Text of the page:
The $12 billion Trans-Saharan Gas Pipeline Project (TSGP), expected to help Nigeria achieve zero gas flaring by 2020, remains an illusion, 17 years after it was conceived.
The project should have been completed this year.
Nigeria signed a treaty with Niger and Algeria in 2009 to build the pipeline, which should begin from Calabar and pass through Kano to the border.
The estimated length is about 4,400 km, with over 1,037 km in Nigeria, 853 km in Niger, 2,310 km in Algeria, and 220 km connecting Algeria to Spain.
In 2013, the Federal Government approved a budget of $400 million for commencement. But some national and international companies that showed interest, including Total and Gazprom, grew pessimistic on security along the pipeline route. They also worried about increasing costs.
A source told The Guardian that the delay in taking the Final Investment Decision (FID) on Olokola Liquefied Natural Gas (LNG), Brass LNG and the Nigeria LNG Train 7 project hindered commitment by financiers.
“The investors are aware that Nigeria is currently facing the challenge of meeting its gas obligation to neighbouring African countries through the West Africa Gas Pipeline Company, due to insecurity in the Niger Delta.
“If we are unable to deliver gas to Ghana and Togo, how can we meet the demand for gas in Europe through the Trans-Sahara Gas Pipeline? Ghana has started looking elsewhere for its gas supply and this is not good for the country and investors in the pipeline project,” the source said.
The e-mails to Total and Gazprom, inquiring about their levels of commitment to the project, were not replied to, after two weeks.
The Chief Infrastructure Officer, Infrastructure Concession Regulatory Commission, Adamu Umar, confirmed that the project is yet to move beyond the first stage.
According to him, the promoters are in charge of the situation, stressing that all necessary approvals have been granted. The investors, according to him, are consortiums of Nigerian and Chinese companies.
But an associate researcher at the Africa and Energy Programmes of the French Institute of International Relations (IFRI), Benjamin Auge, is of the view that the project could remain a dream for much longer.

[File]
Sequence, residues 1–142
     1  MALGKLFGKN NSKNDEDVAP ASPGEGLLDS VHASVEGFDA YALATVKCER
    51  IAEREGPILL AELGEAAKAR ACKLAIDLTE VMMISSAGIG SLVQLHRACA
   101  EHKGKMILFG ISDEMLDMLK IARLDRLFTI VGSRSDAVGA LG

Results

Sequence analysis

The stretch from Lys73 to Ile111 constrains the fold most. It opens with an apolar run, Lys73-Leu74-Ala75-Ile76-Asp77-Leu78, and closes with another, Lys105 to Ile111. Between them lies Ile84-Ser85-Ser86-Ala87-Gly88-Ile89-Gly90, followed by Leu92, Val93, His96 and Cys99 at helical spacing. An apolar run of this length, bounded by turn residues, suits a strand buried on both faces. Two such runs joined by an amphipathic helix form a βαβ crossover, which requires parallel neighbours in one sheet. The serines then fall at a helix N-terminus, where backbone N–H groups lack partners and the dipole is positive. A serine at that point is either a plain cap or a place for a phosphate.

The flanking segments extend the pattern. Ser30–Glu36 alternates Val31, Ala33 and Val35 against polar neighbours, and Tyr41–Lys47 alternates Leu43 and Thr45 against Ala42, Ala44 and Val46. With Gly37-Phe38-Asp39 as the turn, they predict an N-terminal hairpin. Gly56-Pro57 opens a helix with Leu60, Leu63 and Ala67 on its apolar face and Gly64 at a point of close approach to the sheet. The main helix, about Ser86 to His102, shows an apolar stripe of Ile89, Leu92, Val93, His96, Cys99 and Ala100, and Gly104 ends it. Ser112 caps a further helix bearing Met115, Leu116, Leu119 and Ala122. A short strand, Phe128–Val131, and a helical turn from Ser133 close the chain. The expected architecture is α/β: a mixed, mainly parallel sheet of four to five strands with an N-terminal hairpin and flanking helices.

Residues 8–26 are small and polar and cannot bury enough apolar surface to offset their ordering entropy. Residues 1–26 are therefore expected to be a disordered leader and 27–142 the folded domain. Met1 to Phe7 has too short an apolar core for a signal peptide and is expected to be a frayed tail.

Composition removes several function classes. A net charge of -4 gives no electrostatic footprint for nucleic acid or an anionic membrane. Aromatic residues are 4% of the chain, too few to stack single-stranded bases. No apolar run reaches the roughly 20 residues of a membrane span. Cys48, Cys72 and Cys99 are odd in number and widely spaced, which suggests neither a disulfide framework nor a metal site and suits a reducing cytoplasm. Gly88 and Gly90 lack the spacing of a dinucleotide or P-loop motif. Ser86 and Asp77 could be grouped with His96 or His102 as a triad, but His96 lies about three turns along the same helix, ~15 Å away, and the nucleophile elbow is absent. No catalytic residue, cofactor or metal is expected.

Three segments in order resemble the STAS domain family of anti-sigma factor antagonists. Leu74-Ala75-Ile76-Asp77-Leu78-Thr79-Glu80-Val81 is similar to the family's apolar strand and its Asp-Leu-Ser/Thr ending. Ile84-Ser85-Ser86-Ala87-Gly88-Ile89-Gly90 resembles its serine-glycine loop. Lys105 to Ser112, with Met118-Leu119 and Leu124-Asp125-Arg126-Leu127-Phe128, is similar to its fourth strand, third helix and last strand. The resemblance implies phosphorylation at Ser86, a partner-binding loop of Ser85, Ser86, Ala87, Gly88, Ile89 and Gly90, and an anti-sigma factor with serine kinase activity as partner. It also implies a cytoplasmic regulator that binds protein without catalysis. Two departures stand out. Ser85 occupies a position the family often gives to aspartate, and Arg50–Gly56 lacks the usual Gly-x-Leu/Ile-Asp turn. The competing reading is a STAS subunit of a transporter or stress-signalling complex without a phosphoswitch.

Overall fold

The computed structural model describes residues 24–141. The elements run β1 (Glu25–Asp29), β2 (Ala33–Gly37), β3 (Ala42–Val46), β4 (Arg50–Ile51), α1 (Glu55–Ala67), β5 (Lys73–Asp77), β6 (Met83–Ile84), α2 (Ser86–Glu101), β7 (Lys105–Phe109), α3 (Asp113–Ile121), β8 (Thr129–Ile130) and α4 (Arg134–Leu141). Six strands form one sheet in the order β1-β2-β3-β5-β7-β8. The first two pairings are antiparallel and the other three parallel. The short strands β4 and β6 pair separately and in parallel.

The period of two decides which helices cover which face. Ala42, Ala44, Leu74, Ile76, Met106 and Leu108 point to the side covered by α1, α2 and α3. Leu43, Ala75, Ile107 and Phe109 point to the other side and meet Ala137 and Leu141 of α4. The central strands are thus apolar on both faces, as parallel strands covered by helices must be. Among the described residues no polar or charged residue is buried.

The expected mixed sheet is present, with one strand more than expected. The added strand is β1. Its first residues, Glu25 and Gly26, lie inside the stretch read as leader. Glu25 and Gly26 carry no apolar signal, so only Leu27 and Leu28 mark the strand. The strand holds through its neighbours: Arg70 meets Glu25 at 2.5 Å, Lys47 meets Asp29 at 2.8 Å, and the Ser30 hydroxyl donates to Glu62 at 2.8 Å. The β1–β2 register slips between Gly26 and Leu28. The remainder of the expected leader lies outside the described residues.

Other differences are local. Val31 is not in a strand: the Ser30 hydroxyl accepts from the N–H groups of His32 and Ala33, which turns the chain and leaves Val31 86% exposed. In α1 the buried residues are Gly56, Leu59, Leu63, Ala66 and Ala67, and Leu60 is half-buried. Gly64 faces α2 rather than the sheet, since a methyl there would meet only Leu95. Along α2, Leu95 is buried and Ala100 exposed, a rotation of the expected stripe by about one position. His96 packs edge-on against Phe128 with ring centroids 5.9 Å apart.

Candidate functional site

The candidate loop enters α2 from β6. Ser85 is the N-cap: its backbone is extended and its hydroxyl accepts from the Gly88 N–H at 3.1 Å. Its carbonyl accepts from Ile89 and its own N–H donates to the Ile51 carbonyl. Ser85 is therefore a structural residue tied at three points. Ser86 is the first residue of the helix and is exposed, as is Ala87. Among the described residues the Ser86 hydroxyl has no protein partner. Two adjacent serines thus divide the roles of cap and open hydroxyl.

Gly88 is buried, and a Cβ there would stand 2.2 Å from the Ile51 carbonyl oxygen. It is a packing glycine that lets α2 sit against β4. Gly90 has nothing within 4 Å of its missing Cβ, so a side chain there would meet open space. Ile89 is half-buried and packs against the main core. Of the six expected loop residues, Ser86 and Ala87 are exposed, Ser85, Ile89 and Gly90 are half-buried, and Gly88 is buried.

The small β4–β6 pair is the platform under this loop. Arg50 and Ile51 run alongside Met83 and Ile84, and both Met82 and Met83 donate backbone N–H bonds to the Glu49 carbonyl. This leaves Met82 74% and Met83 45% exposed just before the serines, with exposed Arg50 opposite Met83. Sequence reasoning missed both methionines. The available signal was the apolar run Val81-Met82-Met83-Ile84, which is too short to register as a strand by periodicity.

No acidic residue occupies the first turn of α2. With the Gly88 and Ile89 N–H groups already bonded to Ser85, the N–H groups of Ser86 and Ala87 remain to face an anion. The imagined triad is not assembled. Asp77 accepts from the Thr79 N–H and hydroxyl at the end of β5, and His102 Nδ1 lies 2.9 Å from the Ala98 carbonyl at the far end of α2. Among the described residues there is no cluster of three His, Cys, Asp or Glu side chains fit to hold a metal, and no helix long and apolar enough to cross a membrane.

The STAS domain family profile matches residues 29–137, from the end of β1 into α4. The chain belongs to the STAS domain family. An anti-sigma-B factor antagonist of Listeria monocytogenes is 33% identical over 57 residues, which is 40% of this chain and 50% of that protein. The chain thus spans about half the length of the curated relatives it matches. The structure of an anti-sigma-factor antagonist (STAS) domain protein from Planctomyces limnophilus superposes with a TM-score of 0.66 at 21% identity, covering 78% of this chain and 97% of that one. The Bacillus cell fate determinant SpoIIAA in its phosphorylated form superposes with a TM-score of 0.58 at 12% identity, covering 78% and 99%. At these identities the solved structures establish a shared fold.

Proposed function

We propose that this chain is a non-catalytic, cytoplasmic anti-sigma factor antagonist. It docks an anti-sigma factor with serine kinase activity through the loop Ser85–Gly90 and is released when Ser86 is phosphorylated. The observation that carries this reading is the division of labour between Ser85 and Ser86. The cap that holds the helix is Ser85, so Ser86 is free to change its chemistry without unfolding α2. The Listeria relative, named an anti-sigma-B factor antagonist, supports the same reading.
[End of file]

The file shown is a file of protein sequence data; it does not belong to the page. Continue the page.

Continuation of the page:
He said: “On analysis of all the elements of the route and the geopolitical realities, it appears that there are more reasons to believe that the pipeline will not be constructed in the near future.
“On topography, there would certainly be a few difficulties that would weigh down on the cost of the project. An example is the Hoggar Mountains. But this would not be impossible for specialised companies. A study of the solutions proposed by the developers confronted by this sort of obstacles should wait until a final choice is made on the route.”
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The Managing Director of Nigeria LNG Limited, Tony Attah, warned that Nigeria is losing competitive space in the LNG global industry. Therefore, it needs to fast-track all pending LNG projects in the country.
He said: “Nigeria started 24 months after Qatar. Qatar now produces 77 million tonnes per annum (MTPA) and is the number one LNG supplier in the world, while Nigeria is still on 22 MTPA. Australia is already flooding the market and will knock Qatar to the third or fourth place.
“In Africa, significant gas find in excess of 127 Tcf in Mozambique has created the potential for another African super player. Mozambique is expected to become the second-largest exporter of LNG by 2025, as the country steps up production from 10 MTPA in 2017 to an envisaged 50 MTPA.”
Speaking recently on the viability of the project, the Group Managing Director of the Nigerian National Petroleum Corporation (NNPC), Dr. Maikanti Baru, was, however, optimistic. According to him, the project is still on track, describing it as a veritable vehicle for Nigeria to strengthen economic relations with Algeria and Niger.